The rights of one Muslim over another
The believers are brothers and are an integrated nation, like a building parts of which support other parts. They treat one another with mercy and compassion, and love one another. In order to preserve this building and this brotherhood, Allaah has prescribed rights which each Muslim has over his fellow Muslim. These include love, sincerity (naseehah), relieving his distress, concealing his mistakes, supporting him when he is in the right, respecting neighbours and honouring guests.
These rights also include returning greetings of salaam, visiting the sick, accepting invitations, saying “yarhamuk Allaah (may Allaah have mercy on you) to a Muslim when he sneezes, and attending his funeral. The Prophet (peace and blessings of Allaah be upon him) said: “The rights of one Muslim over another are five: returning the greeting of salaam, saying ‘yarhamuk Allaah (may Allaah have mercy on you)’ when he sneezes, accepting invitations, visiting the sick and attending funerals.” (Narrated by Muslim, 2625)
Islam pays attention to the issue of neighbours, whether they are Muslim or not, because of the interests served by that in making the nation like one body. The Prophet (peace and blessings of Allaah be upon him) said: ‘Jibreel kept on enjoining the good treatment of neighbours to the extent that I thought that he would include neighbours as heirs.” (Agreed upon. Narrated by Muslim, 2625)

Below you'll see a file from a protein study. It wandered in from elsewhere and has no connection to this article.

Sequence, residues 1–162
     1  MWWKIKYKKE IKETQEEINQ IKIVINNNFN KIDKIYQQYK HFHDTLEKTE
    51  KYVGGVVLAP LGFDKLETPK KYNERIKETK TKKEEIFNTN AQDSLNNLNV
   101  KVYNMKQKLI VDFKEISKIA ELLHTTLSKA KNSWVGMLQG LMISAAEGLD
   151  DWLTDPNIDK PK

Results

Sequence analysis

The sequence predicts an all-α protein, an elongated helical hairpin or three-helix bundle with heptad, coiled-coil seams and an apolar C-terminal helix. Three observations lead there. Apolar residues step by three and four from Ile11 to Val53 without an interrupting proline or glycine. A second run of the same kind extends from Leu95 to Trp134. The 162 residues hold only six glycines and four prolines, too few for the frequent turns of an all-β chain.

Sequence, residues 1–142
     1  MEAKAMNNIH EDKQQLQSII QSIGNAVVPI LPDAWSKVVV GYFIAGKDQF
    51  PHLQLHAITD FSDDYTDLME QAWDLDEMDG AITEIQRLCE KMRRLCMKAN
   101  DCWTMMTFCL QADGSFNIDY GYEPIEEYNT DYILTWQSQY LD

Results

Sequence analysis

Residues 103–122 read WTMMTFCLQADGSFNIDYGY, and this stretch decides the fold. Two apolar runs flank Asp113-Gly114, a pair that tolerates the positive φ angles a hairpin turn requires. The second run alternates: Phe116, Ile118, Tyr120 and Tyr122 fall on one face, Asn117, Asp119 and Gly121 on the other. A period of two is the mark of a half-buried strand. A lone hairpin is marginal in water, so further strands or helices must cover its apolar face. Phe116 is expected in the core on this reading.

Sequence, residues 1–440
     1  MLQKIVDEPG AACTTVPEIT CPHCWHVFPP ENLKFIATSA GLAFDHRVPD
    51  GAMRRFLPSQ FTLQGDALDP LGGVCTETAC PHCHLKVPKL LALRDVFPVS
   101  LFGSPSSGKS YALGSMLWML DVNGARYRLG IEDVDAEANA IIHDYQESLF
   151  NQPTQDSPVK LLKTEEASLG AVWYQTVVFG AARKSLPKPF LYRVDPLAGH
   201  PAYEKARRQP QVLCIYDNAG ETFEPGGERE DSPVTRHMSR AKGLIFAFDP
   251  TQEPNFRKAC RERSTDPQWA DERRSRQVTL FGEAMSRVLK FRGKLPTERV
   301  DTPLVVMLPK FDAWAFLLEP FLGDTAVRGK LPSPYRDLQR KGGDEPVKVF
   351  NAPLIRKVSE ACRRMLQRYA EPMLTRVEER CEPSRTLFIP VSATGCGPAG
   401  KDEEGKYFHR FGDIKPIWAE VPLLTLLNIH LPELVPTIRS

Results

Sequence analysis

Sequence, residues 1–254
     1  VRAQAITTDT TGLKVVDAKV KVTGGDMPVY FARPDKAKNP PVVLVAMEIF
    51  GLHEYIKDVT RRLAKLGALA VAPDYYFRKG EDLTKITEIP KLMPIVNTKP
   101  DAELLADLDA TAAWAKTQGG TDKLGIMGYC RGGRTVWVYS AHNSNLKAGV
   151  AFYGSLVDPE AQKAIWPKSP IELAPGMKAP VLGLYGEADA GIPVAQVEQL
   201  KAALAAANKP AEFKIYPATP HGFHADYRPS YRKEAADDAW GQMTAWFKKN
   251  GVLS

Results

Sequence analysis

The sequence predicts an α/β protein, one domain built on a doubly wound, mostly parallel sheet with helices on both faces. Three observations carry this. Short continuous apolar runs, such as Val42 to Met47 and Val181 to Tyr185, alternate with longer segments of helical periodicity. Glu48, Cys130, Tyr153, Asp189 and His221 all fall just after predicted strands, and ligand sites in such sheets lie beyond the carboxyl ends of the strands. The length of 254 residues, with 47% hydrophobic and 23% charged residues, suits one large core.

Among the rights of one neighbour over another as affirmed by Islam are the initiation of greetings, visiting him if he is sick, offering condolences if calamity befalls him, congratulating him at times of joy, overlooking his mistakes, concealing his faults, bearing his annoyance with patience, giving him gifts, lending him money if he needs it, lowering one’s gaze from looking at his womenfolk, and guiding him to that which will benefit him in his religious and worldly affairs. The Prophet (peace and blessings of Allaah be upon him) said: